Recent changes made to Google’s algorithms mean that the internet is friendlier to writers than ever before, writes Jon Norris.
From a certain point of view, writers used to have it pretty good. The industry was tricky to break into, the means of production tightly controlled, and the end product profitable and finite. It was an exclusive club: most aspiring writers simply gave up and got a real job elsewhere.
Then the internet came along and ruined everything. It spawned Livejournal, Blogger.com and the Huffington Post. The floodgates opened. Written content was no longer a valuable commodity. Any Tom, Dick or Harry with an internet connection was suddenly a writer.
Many years later, at a technology conference in 2010, Google’s Eric Schmidt reeled off an amazing statistic: that the total volume of data produced from the dawn of human civilisation until 2003 (around five exabytes) was by then being produced every two days. Tom, Dick and Harry had been busy.
Two years down the line, the volume of data has grown even more significantly. YouTube accepts one hour of uploaded video footage every second, while Facebook is now estimated to house around 4 per cent of all the photos ever taken, with 250 million more uploaded every day.
The problem with all this information is that it needs to be sorted, indexed and searchable to be of any use to us. This is why search engines like Google and Bing exist. In the last few years, however, they have been doing a less-than-stellar job, not because their methods worsened, but because people worked out how to game the system.
The newly-invented industry of search engine optimisation (SEO) figured out ways to abuse search algorithms to bump websites up search rankings. In a world where a top result on Google is akin to a shop on Oxford Street, this industry became highly profitable.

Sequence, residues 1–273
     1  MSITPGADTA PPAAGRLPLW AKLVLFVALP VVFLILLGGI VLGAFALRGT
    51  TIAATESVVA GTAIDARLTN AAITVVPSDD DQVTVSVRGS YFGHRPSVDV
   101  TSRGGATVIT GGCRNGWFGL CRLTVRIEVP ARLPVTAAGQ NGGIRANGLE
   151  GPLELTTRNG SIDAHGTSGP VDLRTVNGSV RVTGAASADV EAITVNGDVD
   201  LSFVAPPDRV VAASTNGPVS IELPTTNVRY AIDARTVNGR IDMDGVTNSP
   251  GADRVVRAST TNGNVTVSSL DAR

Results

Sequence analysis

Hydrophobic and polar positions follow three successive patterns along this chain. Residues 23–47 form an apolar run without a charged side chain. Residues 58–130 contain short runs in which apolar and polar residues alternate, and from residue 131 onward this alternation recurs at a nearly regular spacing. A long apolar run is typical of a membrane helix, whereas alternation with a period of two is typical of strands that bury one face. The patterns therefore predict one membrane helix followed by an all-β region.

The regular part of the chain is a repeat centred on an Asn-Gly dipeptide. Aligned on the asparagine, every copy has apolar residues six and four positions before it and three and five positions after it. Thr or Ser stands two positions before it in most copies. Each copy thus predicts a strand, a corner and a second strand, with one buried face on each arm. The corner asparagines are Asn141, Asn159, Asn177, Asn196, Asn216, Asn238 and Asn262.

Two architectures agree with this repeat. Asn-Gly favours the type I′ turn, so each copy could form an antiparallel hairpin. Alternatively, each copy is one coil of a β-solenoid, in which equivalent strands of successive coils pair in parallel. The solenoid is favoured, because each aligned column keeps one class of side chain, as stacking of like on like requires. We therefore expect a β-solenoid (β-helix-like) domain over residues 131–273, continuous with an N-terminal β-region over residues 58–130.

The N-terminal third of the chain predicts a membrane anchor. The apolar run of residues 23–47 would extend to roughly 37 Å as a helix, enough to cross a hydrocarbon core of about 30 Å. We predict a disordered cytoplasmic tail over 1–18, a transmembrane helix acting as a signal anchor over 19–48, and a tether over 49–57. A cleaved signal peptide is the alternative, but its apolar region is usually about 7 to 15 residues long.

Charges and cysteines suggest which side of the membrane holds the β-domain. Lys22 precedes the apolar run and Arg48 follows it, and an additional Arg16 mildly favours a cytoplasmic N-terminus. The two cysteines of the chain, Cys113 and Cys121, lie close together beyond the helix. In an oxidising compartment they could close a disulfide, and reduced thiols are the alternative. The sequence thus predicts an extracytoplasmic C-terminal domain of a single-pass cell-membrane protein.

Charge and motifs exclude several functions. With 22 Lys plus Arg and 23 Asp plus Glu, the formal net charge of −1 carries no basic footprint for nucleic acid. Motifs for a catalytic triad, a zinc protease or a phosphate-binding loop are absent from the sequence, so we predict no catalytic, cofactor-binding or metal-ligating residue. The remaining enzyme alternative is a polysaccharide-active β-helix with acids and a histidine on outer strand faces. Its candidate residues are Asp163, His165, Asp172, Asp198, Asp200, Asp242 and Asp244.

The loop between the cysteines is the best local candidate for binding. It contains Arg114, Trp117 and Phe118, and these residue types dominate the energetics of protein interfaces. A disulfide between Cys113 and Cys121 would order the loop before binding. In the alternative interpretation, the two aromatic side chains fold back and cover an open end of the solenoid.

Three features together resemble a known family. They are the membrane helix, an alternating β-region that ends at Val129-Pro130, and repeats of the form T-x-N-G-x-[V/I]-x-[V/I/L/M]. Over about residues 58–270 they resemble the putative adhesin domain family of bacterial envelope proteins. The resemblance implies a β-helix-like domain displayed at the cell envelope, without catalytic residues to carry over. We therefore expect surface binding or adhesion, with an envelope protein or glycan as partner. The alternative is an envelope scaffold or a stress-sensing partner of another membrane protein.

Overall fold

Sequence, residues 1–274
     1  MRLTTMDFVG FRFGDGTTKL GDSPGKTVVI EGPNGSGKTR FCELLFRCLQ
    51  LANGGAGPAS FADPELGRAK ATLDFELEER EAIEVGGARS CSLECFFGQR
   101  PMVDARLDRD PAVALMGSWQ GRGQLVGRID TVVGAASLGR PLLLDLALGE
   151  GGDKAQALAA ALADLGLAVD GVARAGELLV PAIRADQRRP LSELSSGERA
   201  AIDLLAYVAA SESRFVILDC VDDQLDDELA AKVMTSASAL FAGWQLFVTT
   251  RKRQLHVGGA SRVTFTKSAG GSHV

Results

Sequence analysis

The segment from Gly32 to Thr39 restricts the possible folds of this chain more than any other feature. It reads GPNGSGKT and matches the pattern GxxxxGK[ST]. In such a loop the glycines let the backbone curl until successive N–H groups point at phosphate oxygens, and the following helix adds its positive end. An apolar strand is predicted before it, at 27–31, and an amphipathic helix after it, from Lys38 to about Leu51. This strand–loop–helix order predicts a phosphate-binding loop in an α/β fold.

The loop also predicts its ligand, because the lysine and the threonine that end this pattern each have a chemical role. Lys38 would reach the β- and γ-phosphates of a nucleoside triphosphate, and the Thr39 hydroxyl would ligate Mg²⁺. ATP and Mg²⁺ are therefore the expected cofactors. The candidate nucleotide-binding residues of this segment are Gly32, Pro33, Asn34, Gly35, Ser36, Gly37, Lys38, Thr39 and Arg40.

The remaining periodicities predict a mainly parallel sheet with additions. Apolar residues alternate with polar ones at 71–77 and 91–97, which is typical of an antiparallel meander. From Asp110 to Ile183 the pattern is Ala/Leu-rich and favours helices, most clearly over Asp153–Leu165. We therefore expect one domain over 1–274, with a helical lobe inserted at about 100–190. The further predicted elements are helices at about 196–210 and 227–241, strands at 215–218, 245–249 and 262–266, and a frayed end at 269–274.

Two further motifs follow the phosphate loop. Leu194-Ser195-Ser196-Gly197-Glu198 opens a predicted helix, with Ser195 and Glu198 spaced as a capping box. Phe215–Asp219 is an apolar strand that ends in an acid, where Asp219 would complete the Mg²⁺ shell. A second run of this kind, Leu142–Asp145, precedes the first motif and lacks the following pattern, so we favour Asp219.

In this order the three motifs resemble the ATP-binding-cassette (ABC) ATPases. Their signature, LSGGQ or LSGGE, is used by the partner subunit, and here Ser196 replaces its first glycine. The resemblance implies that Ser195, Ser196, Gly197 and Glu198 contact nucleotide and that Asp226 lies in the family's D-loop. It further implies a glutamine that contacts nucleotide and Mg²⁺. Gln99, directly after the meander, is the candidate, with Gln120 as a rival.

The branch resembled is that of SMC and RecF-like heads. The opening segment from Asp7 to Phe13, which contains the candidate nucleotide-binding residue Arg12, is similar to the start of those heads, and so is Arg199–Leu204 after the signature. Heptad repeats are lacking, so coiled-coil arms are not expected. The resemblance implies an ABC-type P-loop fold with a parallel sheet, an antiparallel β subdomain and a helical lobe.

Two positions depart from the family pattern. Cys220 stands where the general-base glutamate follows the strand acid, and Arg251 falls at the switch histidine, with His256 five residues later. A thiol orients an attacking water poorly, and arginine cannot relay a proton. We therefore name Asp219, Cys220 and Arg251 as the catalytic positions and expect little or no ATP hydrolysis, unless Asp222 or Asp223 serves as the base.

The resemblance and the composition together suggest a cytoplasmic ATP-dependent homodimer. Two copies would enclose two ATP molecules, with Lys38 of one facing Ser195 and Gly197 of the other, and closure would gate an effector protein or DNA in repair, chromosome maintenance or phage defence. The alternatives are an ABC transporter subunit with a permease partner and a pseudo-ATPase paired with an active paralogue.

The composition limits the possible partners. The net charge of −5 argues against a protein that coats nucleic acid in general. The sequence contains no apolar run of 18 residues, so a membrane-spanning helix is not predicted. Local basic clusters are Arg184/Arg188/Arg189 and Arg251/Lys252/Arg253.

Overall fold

SEO is an industry that exists in an regulatory vacuum, whose primary function is to misrepresent their clients in order to push them up search rankings. Broadly speaking, search engines measure the importance of a website by the number of links pointing towards it, so by creating vast swathes of incoming links SEO agencies can artificially inflate the importance of their client’s site.
Think of it as PR for the MMORPG generation: grinding hundreds of tiny victories until your website levels up.
The gaming of search algorithms became so widespread that large “content farm” companies were established, the most famous being Demand Media. These companies use software to generate articles based on popular search terms. Titles and keywords are dictated by machines; human writers fill in the blanks.
This year, Google has begun to fight back – aggressively. Its algorithms are getting better and better at identifying dodgy links generated by scurrilous SEO agencies. It is simultaneously disregarding them and punishing websites attempting to abuse the system.
Earlier this year, when Google deployed its “Penguin” update, millions of websites around the world were served warnings that their linking activity was suspicious. Many were also given penalties and told they would remain penalised until they cleaned up their act.
This caused a minor apocalypse in the SEO industry. Agencies realised the links they had built were now not only useless, but a huge hindrance to their clients’ websites. Link building “experts” had to frantically relearn their trade overnight. Content farms saw revenues nosedive.
So how the hell is this all helping writers? Well, Google has shifted its focus to favour good quality, original content and the discussion surrounding it, not just links. It is using “social signals”, meaning how many times content is shared on social media, to heavily influence search rankings.
Of course, SEO agencies, loath to simply admit defeat and play fair, are trying to abuse these signals too. Pointless Twitter bots that endlessly tweet links to their owners’ articles in search of a rankings bump are commonplace, but the smart guys know the jig is up.
A relatively trustworthy SEO consultant (I say “relatively” because, as I’ve already discussed, this is an industry built on deception) tells me he is focused almost exclusively on “what’s next”: “We know blog content works for now, but what will Google do next?
“The list of effective SEO strategies is shrinking. Google have already killed the bottom end of the industry because all they know how to do is build crap links.”
The result seems easy to predict. If Google wants quality content on reputable sites, then, like a dog chasing a bone, that’s what the world’s SEO agencies will have to give them. Boatloads of content, written by – depending on the quality of the agency - students in China for a dollar per article, decent copywriters, and in some cases even experienced journalists.
Since the Penguin update, even the lowliest SEO consultant is being forced to pay writers to produce content, and it’s all thanks to Google’s quiet war against a fly-by-night, unregulated and dishonest industry.
Having done more than any other company to decimate the writing industry of old, ironically, it is now Google providing more jobs for writers than at any other time in history.